In the Matter of John Brooks Reitzel, Jr., Respondent
Submitted February 3, 2015
Appellate Case No. 2014-002700.
Lesley M. Coggiola, Disciplinary Counsel, and Barbara M. Seymour, Deputy Disciplinary Counsel, both of Columbia, for Office of Disciplinary Counsel.
John Brooks Reitzel, Jr., of High Point, North Carolina, Pro se.
[411 S.C. 423] PER CURIAM
In this attorney disciplinary matter, respondent and the Office of Disciplinary Counsel have entered into an Agreement for Discipline by Consent (Agreement) pursuant to Rule 21 of the Rules for Lawyer Disciplinary Enforcement (RLDE) contained in Rule 413 of the South Carolina Appellate Court Rules (SCACR). In the Agreement, respondent admits misconduct and consents to the
imposition of a bar to admission of any kind in South Carolina for a definite or indefinite period of time to be determined by the Court. Further, respondent [411 S.C. 424] consents to the imposition of a bar to advertising and solicitation directed to South Carolina residents or entities and a bar to advertising and solicitation for any legal matters in South Carolina, both for a definite or indefinite period of time to be determined by the Court. We accept the Agreement and permanently debar respondent from seeking any form of admission to practice law in this state (including pro hac vice admission) without first obtaining an order from this Court allowing him to seek admission. Further, we prohibit respondent from any advertising or solicitation in South Carolina whether in general or directed to residents or entities in South Carolina without first obtaining an order from this Court allowing him to advertise or solicit business in this state. The facts, as set forth in the Agreement, are as follows.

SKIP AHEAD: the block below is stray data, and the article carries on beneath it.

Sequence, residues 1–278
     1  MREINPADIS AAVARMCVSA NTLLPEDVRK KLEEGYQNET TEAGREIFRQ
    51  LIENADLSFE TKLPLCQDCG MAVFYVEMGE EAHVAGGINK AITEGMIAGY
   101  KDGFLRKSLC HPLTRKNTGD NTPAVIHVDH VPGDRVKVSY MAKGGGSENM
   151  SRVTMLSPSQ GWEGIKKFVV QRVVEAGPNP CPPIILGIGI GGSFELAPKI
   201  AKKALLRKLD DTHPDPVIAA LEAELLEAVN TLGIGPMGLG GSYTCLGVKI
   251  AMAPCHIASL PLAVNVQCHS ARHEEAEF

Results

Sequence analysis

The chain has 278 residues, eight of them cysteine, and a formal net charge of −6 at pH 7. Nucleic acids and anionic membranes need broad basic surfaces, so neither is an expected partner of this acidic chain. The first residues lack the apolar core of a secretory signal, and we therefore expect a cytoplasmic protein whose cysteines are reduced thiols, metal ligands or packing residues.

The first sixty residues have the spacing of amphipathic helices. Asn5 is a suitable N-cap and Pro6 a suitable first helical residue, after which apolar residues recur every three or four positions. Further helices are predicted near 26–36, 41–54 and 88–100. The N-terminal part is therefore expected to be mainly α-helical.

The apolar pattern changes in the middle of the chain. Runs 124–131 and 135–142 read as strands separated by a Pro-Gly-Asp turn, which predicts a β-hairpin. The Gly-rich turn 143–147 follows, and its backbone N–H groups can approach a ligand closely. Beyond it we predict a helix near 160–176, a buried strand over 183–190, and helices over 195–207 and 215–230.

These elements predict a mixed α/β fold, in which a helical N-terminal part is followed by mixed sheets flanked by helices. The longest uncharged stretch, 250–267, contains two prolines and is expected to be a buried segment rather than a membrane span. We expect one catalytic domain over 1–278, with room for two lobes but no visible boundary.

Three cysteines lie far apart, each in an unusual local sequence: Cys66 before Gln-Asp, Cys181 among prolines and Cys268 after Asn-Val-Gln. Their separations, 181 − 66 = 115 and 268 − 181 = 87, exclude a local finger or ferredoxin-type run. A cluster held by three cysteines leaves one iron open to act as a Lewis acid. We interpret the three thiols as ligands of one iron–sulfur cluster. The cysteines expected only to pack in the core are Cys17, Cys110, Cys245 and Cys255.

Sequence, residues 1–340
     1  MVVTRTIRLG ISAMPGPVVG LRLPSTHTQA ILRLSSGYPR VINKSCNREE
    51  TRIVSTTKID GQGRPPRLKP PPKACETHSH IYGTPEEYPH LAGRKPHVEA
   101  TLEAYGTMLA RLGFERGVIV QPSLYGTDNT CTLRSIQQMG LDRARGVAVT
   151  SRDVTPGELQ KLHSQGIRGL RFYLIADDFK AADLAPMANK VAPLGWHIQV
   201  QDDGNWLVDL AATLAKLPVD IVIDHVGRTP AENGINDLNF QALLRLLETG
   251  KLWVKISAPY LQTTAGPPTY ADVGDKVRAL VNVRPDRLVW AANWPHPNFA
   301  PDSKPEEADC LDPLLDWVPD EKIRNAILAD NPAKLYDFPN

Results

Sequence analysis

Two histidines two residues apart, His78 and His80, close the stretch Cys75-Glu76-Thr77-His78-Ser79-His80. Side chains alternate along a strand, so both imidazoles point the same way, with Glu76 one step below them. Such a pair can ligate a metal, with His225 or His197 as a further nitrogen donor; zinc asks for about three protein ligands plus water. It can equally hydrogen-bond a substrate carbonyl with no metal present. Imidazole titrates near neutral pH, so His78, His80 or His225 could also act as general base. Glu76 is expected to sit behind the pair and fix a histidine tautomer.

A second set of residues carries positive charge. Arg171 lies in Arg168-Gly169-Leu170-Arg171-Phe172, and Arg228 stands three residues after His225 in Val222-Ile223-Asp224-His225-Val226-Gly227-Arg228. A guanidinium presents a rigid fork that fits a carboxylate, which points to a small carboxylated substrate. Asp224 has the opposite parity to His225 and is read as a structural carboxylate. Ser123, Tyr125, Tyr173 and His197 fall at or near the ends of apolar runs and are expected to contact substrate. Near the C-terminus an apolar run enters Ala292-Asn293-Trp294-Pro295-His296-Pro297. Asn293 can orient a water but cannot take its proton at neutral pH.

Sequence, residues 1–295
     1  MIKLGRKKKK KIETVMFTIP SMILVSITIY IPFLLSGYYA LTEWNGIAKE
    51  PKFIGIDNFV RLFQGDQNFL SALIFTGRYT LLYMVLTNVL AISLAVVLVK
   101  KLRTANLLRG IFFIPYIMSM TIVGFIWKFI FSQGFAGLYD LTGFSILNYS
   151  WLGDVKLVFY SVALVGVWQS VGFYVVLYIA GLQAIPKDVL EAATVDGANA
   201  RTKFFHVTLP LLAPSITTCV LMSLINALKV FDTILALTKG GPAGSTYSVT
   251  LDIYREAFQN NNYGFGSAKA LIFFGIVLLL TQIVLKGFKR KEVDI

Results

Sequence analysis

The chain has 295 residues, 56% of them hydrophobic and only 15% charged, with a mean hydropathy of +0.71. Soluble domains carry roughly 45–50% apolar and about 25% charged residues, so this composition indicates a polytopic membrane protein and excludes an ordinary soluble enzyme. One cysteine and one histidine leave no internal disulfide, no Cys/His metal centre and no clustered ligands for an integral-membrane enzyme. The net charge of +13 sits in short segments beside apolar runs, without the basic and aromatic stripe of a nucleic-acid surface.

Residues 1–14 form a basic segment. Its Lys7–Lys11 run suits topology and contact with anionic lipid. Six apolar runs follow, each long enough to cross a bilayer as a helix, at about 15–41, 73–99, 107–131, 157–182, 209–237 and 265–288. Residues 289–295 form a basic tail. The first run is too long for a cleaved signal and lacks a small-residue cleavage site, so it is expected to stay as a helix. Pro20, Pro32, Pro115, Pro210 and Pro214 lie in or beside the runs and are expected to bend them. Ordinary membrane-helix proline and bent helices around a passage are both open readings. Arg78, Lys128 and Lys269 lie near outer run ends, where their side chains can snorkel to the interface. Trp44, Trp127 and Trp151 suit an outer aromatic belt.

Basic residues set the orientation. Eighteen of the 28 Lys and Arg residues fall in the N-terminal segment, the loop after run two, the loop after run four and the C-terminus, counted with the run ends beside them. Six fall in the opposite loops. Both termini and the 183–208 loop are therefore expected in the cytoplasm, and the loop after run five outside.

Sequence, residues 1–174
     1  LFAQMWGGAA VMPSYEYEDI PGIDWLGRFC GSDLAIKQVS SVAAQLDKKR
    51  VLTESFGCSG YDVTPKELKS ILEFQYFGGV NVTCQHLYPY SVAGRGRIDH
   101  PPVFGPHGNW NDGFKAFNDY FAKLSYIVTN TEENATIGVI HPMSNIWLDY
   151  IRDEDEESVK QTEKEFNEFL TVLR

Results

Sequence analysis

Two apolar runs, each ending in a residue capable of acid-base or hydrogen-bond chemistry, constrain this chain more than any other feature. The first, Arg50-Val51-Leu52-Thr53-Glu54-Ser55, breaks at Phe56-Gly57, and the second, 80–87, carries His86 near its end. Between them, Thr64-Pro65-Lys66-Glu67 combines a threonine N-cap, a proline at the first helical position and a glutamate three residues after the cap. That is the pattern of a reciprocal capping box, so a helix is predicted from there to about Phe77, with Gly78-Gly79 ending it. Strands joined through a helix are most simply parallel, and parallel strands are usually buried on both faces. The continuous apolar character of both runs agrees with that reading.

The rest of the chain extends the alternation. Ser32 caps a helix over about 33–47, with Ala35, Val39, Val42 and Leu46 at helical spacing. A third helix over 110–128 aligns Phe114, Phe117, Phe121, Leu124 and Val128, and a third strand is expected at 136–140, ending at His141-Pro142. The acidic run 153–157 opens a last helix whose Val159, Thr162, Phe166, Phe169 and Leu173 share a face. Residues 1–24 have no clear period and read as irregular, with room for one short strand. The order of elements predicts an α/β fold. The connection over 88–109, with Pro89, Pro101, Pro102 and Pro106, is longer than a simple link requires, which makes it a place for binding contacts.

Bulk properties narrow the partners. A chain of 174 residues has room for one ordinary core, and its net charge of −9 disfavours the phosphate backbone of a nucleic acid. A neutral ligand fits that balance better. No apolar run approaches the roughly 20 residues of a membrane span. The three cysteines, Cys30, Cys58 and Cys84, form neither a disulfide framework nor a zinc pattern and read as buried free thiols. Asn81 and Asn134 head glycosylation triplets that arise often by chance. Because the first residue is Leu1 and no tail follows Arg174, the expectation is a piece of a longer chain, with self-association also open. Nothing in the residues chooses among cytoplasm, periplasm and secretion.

Respondent is licensed to practice law and is in good standing in North Carolina. He is not, and has never been, licensed to practice law in South Carolina.
On August 10, 2011, respondent filed an answer on behalf of defendants in a foreclosure action pending in Charleston County, South Carolina, involving property located in South Carolina. Default was subsequently entered against the defendants in the matter. On November 1, 2011, respondent sent a letter opposing the default order to the presiding judge on behalf of the defendants.
At the time respondent filed the answer in the foreclosure matter, he had not applied for pro hac vice status in the matter, he was not admitted pro hac vice in the matter, and he was not otherwise permitted to make an appearance in court in South Carolina. Further, respondent's actions in representing the defendants in the foreclosure matter were not undertaken in association with an attorney admitted to practice law in South Carolina.
On November 3, 2011, counsel for the plaintiff wrote to respondent asking for verification that he was eligible to appear in court in South Carolina. Respondent responded with a letter dated November 8, 2011, acknowledging that he was not licensed to practice law in South Carolina, but stating that he " frequently practice[s] in South Carolina civil matters [411 S.C. 425] ... involving foreclosure proceedings and deficiency claims." He further stated that, prior to counsel's letter, he ...